It is also an object of the present invention to provide a seated exercise abdominal machine for guiding the human body through proper trunk flexion by continuous support of the head, neck and back.
A further object of the present invention is to provide an abdominal exercise machine which acts about several axes of motion to enable the proper flexing of one's spine.
Yet another object of the present invention is to provide an abdominal exercise device having a seat and a backrest located at favorable dispositions, so as to maximize the effect of the crunching motion.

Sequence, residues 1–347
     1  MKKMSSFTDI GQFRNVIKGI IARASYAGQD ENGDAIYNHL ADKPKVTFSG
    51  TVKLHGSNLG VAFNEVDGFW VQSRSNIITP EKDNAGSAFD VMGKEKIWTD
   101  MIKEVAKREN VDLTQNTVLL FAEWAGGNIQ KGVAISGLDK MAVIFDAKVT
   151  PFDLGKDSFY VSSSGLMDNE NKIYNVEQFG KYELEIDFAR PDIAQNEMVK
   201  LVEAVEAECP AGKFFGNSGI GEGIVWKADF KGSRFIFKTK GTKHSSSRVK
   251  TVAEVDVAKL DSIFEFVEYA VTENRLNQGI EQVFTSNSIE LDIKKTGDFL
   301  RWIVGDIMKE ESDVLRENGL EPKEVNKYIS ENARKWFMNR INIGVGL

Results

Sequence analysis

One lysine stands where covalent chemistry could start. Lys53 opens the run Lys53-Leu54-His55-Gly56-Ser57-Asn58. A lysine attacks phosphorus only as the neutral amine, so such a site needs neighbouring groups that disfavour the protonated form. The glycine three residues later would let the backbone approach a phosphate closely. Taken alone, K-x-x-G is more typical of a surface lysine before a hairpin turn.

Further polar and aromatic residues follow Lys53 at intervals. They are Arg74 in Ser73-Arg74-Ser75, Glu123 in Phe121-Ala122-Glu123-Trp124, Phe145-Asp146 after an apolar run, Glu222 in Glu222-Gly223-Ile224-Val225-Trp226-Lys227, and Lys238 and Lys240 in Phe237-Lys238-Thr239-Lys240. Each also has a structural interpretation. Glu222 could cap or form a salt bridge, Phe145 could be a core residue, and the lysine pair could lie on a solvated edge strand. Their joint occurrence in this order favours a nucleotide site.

In one aspect of the invention, a seated abdominal exercise machine includes a frame, a seat mounted to the frame and a backrest attached to the frame rearwardly of the seat. An arm and head support assembly is mounted for rotary movement to the frame and provides a resistance adapted to be moved by an exerciser occupied in the seat. A motion translation arrangement is pivotally mounted between the frame and the arm and head support assembly for providing an unrestricted, full range abdominal crunching motion for the seated exerciser. The motion translation arrangement includes a transfer tube having a lower end pivotally connected to the frame about a first fixed horizontal axis passing through the back rest, and an upper end pivotally mounted to the upper arm and head support assembly about a first moving horizontal axis. The motion translation arrangement further includes a transfer link having a lower end pivotally mounted to the arm and head support assembly about a second moving horizontal axis, and an upper end pivotally attached to the frame about a second fixed horizontal axis which is offset relative to the first fixed horizontal axis. The motion translation arrangement further includes a movable vertical leg extending downwardly between the arm and head support assembly and the frame, the leg providing additional resistance during the crunching motion. A structure is pivotally mounted about a third movable horizontal axis on the arm and head support assembly adapted for continuously engaging and supporting the head and neck of the exerciser throughout the full range of the exercise motion. The seat is independently adjustable and is generally declined rearwardly relative to the frame at about 35° from a horizontal plane. The backrest is fixed and is generally angularly disposed relative to the frame at about 45° from a vertical plane. The offset relationship between the first fixed horizontal axis and the second fixed horizontal axis enables the motion translation arrangement to pivot at a greater speed at the second movable horizontal axis than at the first movable horizontal axis. The arm and head support assembly includes a carriage superstructure including a horizontal cross beam having opposite ends to which are fixedly attached a pair of downwardly depending parallel arms, a pair of support braces extending forwardly from the arms for supporting a pair of cushions adapted to be engaged by the elbows of the exerciser. The cross beam includes a pair of handlebars having handle grips adapted to be grasped by the hands of the exerciser during exercise. A U-shaped bracket is pivotally mounted on the handle bars and a head support cushion is attached to the U-shaped bracket and adapted to continuously engage the head of an exerciser during the crunching motion.